30 AG = —aA/lA — bA/lB + 2[lrh(avA + bvB)]112 c. initially assumed to be independent of the A: B ratio in the embryo.389 kT 0 where A/IA is the change in the chemical potential of the species A inside and outside the nucleus. Figs. and increase in the direction indicated by the arrows. is independent of a aiid b. Fig. Subramanian et al. The maximumvalue ofthe free energy is given on the plot and the value of a — 25 erg/cm2.5 and two-dimensional KDP—ADP 5B — 1. 1. The isothermal and isobaric free energy difference between solute molecules in the supersaturated medium and in the nucleus can be written as [12] AG= —aAIIA—bAliB+2lrrha. the nucleus ofKDP molecules. the interfacial tension.and b. (5) .t~ are related to their respective supersaturations by kT ln(~cA/x). (2) In these equations ~A and ~B are supersaturations of A and B components and x is the mole fraction of A in the embryo. The free energy surface for 5A = 1. (1) becomes A/IA = = — . eq. number formation at 300 K with range from ito 20 and 1 to 10 respectively. (3) -~ The surfaces depicted in figs. The free energy surface of KDP—ADP two-dimensional nucleuserg/cm2. a — 25 formation at 300 K with aA — 1. These plots are drawn in such a manner that the viewer appears to be looking down on the surface at a polar angle of 45°from the vertical axis. Classical values of critical size For convenience. (3) in (4) leads to the following results: 0 ‘ (~ ~AG\ )T. 1 to 3 are computer generated three-dimensional perspective plots representing the reversible work AG (in terms of kT) required to form a two-dimensional nucleus containing a molecules of KDP and b molecules of ADP. The necessary conditions for the saddle point are ~AG\ (~a )T.9 and If i. (4) r~ = vAC/A[LA = vBa/A/lB. A/lB kT ln(~~/1 x). 4 and 5 show the two-dimensional plots of AG.42 C. since solid solution crystals are being grown in our laboratory. Replacing the value of r in terms of a and b and VA and VB the respective partial molar volumes. The critical (saddle) point on the free energy surface occurs when the two-dimensional nucleus contains a * molecules of KDP and b* molecules of ADP. (1) b 15. The values of A/IA and zl. A/lB is the corresponding value for B species and r is the interfacial tension. 2.a = 0. the direct substitution of eq. These surfaces correspond to a temperature of 300 K. the two-dimensional nucleus is assumed to be a circular disc ofradius rand constant height h containing a molecules of component A and b molecules of component B.b — 0 a Fig. Here the component A is KDP and the component B is ADP. various values of supersaturations of KDP and ADP and different values of interfacial tension. a.4.4 and a~ 1. / Two-dimensional nucleation in binary system 2. the number ofADP molecules.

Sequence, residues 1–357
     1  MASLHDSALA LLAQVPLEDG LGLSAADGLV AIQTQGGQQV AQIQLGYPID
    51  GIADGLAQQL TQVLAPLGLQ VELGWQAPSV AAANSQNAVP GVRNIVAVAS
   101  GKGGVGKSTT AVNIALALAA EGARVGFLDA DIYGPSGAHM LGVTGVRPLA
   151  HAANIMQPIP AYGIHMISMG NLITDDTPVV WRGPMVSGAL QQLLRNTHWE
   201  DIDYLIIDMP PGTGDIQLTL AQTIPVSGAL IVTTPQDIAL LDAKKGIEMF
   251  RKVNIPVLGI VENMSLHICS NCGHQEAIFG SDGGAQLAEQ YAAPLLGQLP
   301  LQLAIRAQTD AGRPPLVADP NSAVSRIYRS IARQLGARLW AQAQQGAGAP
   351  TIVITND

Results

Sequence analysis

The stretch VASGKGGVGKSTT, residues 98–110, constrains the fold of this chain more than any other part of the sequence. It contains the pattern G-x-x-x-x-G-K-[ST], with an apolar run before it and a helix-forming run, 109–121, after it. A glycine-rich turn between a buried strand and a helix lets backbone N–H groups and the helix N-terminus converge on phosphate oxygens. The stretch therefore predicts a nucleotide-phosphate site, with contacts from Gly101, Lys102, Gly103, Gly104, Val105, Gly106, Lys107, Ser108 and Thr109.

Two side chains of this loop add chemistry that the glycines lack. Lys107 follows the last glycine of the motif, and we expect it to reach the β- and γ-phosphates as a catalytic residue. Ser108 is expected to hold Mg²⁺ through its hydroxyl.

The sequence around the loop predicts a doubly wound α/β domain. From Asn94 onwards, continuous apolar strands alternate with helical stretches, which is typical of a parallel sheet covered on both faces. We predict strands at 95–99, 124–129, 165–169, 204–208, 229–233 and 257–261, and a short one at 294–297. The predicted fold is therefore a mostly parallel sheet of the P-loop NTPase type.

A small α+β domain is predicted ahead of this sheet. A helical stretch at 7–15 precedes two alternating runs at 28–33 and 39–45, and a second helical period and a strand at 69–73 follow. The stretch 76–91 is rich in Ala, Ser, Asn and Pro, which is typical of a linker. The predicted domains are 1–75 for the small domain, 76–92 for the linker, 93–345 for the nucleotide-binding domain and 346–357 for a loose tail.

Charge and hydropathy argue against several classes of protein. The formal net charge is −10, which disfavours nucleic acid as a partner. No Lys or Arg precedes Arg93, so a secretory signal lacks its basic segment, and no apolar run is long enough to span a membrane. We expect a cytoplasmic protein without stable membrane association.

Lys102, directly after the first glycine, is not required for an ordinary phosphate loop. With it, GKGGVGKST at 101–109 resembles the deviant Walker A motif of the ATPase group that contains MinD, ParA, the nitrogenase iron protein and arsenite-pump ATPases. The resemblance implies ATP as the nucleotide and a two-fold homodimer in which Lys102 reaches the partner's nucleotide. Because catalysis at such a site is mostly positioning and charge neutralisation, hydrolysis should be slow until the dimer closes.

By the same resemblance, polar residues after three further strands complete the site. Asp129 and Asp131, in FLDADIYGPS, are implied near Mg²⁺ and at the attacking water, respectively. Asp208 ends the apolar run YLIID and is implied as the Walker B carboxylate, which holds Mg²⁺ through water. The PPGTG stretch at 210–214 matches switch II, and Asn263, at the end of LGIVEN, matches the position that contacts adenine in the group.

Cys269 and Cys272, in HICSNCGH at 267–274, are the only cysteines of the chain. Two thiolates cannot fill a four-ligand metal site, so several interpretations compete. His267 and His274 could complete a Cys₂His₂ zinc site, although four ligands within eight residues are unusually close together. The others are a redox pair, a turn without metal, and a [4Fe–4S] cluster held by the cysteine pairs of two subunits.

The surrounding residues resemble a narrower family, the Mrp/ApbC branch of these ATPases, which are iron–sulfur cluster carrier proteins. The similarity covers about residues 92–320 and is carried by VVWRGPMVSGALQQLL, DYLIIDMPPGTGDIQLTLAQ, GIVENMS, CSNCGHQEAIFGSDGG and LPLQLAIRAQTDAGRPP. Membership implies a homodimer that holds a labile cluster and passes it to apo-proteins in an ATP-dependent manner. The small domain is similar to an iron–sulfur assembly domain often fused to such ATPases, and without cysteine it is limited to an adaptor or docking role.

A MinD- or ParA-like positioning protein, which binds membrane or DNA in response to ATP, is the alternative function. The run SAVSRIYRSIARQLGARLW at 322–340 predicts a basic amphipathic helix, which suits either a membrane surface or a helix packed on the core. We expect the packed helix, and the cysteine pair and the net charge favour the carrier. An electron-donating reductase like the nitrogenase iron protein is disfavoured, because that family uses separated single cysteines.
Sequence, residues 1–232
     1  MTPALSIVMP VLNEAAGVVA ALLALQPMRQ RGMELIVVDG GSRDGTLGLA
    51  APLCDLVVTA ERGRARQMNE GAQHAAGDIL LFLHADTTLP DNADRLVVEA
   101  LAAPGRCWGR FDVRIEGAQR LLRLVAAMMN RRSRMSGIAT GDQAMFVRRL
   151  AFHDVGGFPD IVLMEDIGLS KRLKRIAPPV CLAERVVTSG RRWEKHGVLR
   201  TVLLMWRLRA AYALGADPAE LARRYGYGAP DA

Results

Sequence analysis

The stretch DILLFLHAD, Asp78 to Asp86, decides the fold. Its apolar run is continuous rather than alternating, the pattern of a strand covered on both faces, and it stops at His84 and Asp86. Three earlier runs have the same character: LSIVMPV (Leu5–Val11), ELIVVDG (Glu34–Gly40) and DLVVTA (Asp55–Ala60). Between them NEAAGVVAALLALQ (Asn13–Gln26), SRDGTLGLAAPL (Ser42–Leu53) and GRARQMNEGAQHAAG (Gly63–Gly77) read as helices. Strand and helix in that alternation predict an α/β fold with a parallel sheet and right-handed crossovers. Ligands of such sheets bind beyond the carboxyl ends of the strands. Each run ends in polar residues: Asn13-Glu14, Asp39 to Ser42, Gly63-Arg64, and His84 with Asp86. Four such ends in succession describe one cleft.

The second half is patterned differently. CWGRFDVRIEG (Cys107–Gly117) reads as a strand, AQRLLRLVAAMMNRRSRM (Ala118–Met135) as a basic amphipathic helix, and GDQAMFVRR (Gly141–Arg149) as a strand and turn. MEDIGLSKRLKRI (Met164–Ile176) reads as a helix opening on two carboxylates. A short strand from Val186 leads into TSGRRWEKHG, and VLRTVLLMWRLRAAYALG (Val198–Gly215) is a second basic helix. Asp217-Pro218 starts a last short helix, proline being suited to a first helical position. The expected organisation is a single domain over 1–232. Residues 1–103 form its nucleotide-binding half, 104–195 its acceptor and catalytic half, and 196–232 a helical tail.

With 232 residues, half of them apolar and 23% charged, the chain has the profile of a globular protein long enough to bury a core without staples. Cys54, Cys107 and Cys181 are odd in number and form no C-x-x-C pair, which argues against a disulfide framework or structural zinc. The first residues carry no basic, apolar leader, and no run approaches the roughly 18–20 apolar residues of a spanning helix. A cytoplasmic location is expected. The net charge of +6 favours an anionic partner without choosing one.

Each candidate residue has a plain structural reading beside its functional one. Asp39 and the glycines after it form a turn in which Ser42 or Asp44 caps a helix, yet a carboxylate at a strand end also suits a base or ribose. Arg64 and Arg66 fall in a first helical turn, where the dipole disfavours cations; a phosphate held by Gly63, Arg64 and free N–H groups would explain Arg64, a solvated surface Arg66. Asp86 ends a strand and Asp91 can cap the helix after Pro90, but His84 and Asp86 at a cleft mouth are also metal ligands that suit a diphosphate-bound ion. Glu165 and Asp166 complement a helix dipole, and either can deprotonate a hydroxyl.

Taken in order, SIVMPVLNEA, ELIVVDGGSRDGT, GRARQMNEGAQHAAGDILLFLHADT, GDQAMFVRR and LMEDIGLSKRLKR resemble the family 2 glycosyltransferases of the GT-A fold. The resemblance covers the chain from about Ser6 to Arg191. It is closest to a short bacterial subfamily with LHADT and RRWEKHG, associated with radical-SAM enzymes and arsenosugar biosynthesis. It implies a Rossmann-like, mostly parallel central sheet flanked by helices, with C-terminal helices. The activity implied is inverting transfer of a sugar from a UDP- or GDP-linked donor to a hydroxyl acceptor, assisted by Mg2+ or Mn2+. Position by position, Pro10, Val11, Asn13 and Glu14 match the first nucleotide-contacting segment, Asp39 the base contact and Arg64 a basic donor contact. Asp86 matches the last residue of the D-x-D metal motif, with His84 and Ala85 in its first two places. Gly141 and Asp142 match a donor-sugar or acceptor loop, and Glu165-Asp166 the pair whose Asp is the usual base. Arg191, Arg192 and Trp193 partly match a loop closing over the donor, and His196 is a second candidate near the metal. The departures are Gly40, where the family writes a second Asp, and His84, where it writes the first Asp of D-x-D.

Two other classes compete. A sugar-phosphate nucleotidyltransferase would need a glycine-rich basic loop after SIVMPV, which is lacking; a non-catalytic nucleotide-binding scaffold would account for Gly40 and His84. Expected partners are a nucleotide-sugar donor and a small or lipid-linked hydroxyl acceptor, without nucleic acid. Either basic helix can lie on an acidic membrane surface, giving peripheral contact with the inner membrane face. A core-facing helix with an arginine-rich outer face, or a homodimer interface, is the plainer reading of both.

to determine how large a correction to the theory is necessary because of the dependence ofinterfacial tension on the composition.C. / Two-dimensional nucleation in binary system 43 15.5 and a — 25 — erg/cm2. a~= 1. This is a simple one layer adsorption model based on the Bragg—Williams approximation with empty sites. A two-dimensional plot of the free-energy AG/kT of the nucleus for different numbers of KDP molecules and up to 8 ADP molecules at 300 K for erg/cm2. a~ 1. The free energy surface for KDP—ADP nucleusfor a — 20 2 (the remaining values are as in fig. (7) .4. One layer adsorption model In the derivation of the values of the critical twodimensional nucleus in the preceding section. 5A = __________________________________________ ~ kT b~2~ 1. so only the interfacial tension between these phases can be measured.389 12 ___ IiI~I Fig. it was assumed that the interfacial tension is independent ofthe composition ofthe nucleus. However the order of magnitude for the correction can be estimated theoretically. 4. We shall be concerned with the effect of change in the number of molecules of each component in the two-dimensional binary nucleus at the saddle point on the interfacial tension in the case of __________ 8 6 6 8 2 6 I 10 12 14 a Fig. erg/cm b Fig. There is no way of measuring the isothermal dependence of interfacial tension on composition. 1). For this purpose use is made of Lundager Madsen’s model [11]. 3. It is impossible. 5. It is only possible to have the two coexisting equilibrium phases in contact. on the basis ofthe existing experimental data.4.5 and a = 25 10 3. a* + b* — = lrhVAo2 (x~vA+ (1 x~)vB)(A/lA)2’ — = = ‘6’ “ ~‘ AG~ irr~htr 1rhvAa~/A/lA lrhvBci2/A/LtB. Subramanian et al. A two-dimensional plot of the free-energy zIG/kT of the nucleus for different numbers of ADP molecules and up to 15 KDP molecules at 300 K for aA = 1.